The replayability that one receives from Sonic the Hedgehog depends on the specific playthrough. A straight shot from beginning to end will take anywhere from two to three hours for a seasoned gamer. Sonic the Hedgehog is broken up into six main zones, each with three acts; the Final Zone, a showdown with Robotnik, is only a single act in length. Sonic the Hedgehog isn’t a terribly long game, but once the Chaos Emeralds are brought into the fold, things become interesting.

To have a chance to receive a Chaos Emerald, the player must access a special stage. This is done by collecting at least fifty rings in an act before jumping into the giant ring seen near said act’s goal sign. These special stages can be tricky, especially since there are, realistically, only ten opportunities to access them. Keep in mind that collecting all Chaos Emeralds doesn’t provide Sonic with a unique power, as would be the case in future games. However, for completionists, it’s a goal worth pursuing.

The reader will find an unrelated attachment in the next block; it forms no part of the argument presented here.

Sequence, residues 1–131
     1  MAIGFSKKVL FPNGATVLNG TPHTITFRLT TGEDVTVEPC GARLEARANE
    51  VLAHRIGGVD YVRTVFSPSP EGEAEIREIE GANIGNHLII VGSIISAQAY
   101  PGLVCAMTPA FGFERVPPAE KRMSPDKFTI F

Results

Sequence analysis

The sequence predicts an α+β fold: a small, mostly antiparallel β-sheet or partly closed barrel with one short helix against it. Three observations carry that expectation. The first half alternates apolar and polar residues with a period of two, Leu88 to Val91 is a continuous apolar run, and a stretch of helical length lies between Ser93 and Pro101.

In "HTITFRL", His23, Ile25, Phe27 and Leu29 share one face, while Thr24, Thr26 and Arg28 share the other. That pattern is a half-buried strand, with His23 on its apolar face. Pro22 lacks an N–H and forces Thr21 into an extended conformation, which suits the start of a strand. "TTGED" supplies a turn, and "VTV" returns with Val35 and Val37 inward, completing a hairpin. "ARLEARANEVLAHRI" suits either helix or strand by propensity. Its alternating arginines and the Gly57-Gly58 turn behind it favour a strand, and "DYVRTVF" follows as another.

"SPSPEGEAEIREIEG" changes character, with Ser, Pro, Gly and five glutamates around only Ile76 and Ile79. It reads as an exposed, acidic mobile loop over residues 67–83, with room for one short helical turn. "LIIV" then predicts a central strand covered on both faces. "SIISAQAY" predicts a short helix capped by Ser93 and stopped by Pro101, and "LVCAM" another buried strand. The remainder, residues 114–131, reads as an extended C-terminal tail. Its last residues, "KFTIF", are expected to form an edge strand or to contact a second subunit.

Closing Thoughts on Sonic the Hedgehog

Admittedly, the original Sonic the Hedgehog may not be the best game in the series. The ideas it implemented – its sense of speed, the multi-act structure, and others – carried over into other titles and were expanded upon. The main Sonic the Hedgehog series saw a total of three games on the Genesis, though spin-off titles such as Sonic Spinball and Dr. Robotnik’s Mean Bean Machine existed as well. Sonic was, and still is, a major money-maker for Sega.

It’s also worth noting that the first Sonic the Hedgehog is one of the most re-released games of the 16-bit era. This was especially true in compilations, of which Sega produced several. Sonic the Hedgehog for Sega Genesis stands as the console’s landmark title. It helped Sega take over Nintendo’s market share for a period. Sonic the Hedgehog became as integrated into 90s culture as the Mighty Morphin’ Power Rangers, Saved by the Bell, POGs, Crystal Pepsi, the list goes on. For these reasons, as well as others, the original Sonic the Hedgehog remains legendary.



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Robbie Sutter (Department Head)
Robbie Sutter (Department Head)
As a fan for over 20 years, I strongly believe there's no sport better than professional wrestling. Whether it's writing about the sport I love or meeting those that have impacted it in a major way, I always enjoy myself. Outside of wrestling, I'm into writing, gaming, and tokusatsu.